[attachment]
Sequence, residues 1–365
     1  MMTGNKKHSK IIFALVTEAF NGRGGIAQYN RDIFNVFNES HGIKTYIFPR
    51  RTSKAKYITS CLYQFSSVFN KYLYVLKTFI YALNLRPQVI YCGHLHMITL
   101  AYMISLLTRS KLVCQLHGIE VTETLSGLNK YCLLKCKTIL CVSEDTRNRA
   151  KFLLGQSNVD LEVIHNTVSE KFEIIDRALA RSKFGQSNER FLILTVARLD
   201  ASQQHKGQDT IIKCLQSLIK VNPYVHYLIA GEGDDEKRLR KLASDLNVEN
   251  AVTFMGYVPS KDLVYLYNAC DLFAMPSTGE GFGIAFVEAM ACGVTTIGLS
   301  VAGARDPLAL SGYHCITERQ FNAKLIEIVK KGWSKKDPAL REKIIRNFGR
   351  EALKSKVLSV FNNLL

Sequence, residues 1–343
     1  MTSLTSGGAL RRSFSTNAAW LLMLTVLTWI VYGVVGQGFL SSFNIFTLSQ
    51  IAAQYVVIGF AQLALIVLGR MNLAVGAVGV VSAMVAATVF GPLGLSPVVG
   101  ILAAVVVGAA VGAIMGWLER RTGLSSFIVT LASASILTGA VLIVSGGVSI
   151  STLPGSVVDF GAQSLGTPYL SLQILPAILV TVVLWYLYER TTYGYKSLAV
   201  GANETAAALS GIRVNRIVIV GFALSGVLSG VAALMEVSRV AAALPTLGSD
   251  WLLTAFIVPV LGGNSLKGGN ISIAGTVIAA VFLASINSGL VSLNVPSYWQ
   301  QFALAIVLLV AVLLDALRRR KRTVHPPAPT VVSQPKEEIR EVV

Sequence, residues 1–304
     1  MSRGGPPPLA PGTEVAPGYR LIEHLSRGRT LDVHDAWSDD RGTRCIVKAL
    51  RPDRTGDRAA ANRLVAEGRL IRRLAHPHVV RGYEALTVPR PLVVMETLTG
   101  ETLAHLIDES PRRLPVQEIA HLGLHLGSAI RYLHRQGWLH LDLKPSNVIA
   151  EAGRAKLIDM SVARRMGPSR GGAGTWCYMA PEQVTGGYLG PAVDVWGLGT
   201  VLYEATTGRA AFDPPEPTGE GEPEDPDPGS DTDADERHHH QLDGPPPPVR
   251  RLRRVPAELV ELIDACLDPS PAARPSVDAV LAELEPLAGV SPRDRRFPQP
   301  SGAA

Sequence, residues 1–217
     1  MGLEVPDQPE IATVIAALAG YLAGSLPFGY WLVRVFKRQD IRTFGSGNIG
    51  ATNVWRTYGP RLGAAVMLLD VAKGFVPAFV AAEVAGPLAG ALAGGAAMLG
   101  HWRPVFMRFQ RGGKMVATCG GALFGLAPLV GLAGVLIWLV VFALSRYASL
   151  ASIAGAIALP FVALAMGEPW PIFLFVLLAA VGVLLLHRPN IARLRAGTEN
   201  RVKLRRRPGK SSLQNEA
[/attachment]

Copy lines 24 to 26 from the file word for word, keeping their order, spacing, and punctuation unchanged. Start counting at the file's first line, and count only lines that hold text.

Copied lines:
   251  RLRRVPAELV ELIDACLDPS PAARPSVDAV LAELEPLAGV SPRDRRFPQP
   301  SGAA

Sequence, residues 1–217